And for my reading, and for all the poems in this book that make reference to sex, I would say these are sexual poems. Sexual, like the rhythms of sex, the sometimes repeating and sometimes varying rhythms of sex, inside your head there is blood rushing around during sex making other rhythms of sex. When you read Patricia Lockwood’s poems this is what you’ll be feeling ... So goes the speaker in Motherland Fatherland Homelandsexual, who wants and then wants to want more if only to make wanting to want more like a trajectory that keeps drawing itself out even while we think that just wanting something will supposedly make it ours. It turns out wanting is another of those porous words. All of this sounds so uncomfortable. It is!
Many of Lockwood’s titles are grabby, over the top, titillating and outré...many of her characters are grotesques, cartoony, pixelated dreams ... Usually these characters are uncomfortably childlike, or hypersexualized, or both ... Pointless weirdness gets old fast...but here the weirdness almost always carries a magnificent, and political, point. If sexual and social norms make some of us (especially the young) feel monstrous, out of place, unheard, unprotected or out of control, then Lockwood will speak for the monsters ... Like the best stand-up comics, Lockwood seeks honesty, an honesty inseparable (for her) from the jarring, the awkward, the malformed, the disconcerting, from the tones and topics (especially sexual ones) usually excluded from polite company ... with its extended figures, its theme-and-variations structures, its spirals and twists away from (and sometimes back toward) ordinary speech, Lockwood’s new book rewards rereading. She is never subtle. Her work could seem dated soon. But those limits should not occlude her strengths. She has written a book at once angrier, and more fun, more attuned to our time and more bizarre, than most poetry can ever get.
She’s bolder, more sure of herself, than you are, and she has a genius for writing in the language of vulgar misogyny as she speaks to its absurdity ... The funniest parts—and there are many—all feel rather search-engine-optimized, titles and jokes ready to tweet ... her talent for humor extends beyond mockery, and I wish she’d bring to all her humorous poetry the same openness she brings to 'Rape Joke,' the same ability to compel as she repels. If the poems strike cultural nerves, all the better, but there are probably too few of them for her to find them reliably.
A few pages into her second collection, Motherland Fatherland Homelandsexuals, I start to feel that I’ve entered a word where seriousness is unwelcome and sentiment suspect—where outrageousness is essential but actual outrage, mine or anyone’s, is altogether out of bounds ... Lockwood’s 'Rape Joke' is not just the most shared poem in the still-short history of social media...It is also one of the most amazing poems I’ve read recently. Not only does it do the things I imagine her poems won’t; it does them uniquely well precisely because of those qualities that make me think they can’t ... Much of Lockwood’s poetry performs her freedom from expectations—the unwillingness to have her writing hemmed in by the strictures of taste or even the bounds of physics—so in this line the act of naming, so plainly, her common human vulnerability devastates me ... Subversive, ingenious, a little elusive, and, yes, funny, that two-word last line, like the poem as a whole, is Lockwood at her best.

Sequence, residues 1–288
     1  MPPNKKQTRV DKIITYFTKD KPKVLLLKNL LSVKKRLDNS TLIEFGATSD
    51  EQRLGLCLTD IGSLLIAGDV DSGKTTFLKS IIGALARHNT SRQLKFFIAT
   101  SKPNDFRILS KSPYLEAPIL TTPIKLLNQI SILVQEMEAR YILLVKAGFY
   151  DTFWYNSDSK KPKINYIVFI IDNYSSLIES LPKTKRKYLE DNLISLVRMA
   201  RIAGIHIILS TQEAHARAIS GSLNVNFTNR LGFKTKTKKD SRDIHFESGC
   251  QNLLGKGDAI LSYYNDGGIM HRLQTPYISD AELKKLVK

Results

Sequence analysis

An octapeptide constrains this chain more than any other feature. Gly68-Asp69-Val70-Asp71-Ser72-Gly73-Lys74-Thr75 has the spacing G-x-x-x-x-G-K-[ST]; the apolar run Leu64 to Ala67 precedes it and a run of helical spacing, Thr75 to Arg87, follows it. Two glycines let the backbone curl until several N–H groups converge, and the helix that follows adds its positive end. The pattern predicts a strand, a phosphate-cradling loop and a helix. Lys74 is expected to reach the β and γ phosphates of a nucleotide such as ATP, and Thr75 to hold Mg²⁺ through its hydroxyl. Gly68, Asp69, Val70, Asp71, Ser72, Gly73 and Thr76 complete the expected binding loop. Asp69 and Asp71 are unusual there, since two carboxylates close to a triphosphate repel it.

You may find yourself feeling at home in the world that poet Patricia Lockwood surveys in her second collection — but getting comfortable could be another story ... In Lockwood’s world, the rules, roles, and requisites of sex, gender, and power have generously stretched their jurisdiction to preside over everything from the deepest reaches of nature to the most American pockets of pop culture (one poem with an unprintable title focuses on a hypersexualized Bambi). And her lines feel fresh but footed, with the studious curiosity of Marianne Moore, breathless adventures in anaphora that conjure Anne Waldman slapping 'Makeup on Empty Space,' and the slightly sinister laugh lines so deftly deployed by young poets like Chelsey Minnis and Dorothea Lasky ... Funny and cutting — and not without its share of the inevitable missteps that come with exploring sketchy woods such as these — the poems of Motherland may be reflected in the Oakley lenses of bro culture, but they also magnify the vulnerability that gives machismo its purpose.
It is a fantastically weird little book that makes funny and creepy almost-fables out of sex and gender and the business of writing ... In fact, my favorite poem in Motherland offers precisely the nuanced, emotionally deep take on masculinity Plunkett demands of Lockwood (a request not often made of male poets about femininity). 'List of Cross-Dressing Soldiers' begins as just that, ticking off famous female soldiers in history, before it becomes about her brother, who served multiple tours in Iraq and Afghanistan, and his military machismo ... Trapped in a print book, I couldn’t fave or retweet Lockwood’s lines. Instead, they left me crying on the subway.
Nothing is off limits here and often the poems’ responses to their subjects—whether natural, political, or epistemological—are a fumbling, projective sexual ecstasy ... Fiercely smart and aching with imagination, she addresses what it means to be 'a series of places where animal parts could emerge,' yet remains able to wonder 'how can there be enough room in America to make what makes it up.' Lockwood’s poems register the full force of what they deliver and yet admirably refuse to see that as a reason to back away.